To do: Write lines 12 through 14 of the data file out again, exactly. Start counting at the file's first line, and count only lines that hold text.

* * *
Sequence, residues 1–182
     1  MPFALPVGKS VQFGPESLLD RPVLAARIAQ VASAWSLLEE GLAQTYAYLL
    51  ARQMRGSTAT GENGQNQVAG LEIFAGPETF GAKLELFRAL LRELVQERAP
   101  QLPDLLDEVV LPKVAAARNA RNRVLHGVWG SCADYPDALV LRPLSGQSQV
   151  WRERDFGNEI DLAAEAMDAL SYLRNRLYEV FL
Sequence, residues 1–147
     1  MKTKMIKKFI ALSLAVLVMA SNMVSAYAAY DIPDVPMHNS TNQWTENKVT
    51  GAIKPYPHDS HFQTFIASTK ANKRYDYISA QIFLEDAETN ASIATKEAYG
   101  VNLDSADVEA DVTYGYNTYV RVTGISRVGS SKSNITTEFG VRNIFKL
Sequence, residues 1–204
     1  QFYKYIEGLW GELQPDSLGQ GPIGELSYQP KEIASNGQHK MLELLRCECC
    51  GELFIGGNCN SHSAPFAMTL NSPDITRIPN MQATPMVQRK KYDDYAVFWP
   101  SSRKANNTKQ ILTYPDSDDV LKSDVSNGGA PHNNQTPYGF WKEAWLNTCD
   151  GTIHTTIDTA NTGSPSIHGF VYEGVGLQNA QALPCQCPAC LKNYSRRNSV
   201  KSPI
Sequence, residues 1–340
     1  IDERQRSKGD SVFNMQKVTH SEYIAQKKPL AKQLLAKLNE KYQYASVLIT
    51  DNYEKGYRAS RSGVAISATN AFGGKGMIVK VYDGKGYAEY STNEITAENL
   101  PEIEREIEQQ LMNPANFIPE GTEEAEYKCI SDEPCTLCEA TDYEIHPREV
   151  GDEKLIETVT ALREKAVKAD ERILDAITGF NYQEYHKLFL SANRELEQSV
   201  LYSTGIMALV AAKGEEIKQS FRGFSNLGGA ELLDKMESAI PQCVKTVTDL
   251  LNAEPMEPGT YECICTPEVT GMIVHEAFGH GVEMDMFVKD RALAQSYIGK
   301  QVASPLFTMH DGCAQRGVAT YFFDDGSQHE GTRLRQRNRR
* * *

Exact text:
    51  GELFIGGNCN SHSAPFAMTL NSPDITRIPN MQATPMVQRK KYDDYAVFWP
   101  SSRKANNTKQ ILTYPDSDDV LKSDVSNGGA PHNNQTPYGF WKEAWLNTCD
   151  GTIHTTIDTA NTGSPSIHGF VYEGVGLQNA QALPCQCPAC LKNYSRRNSV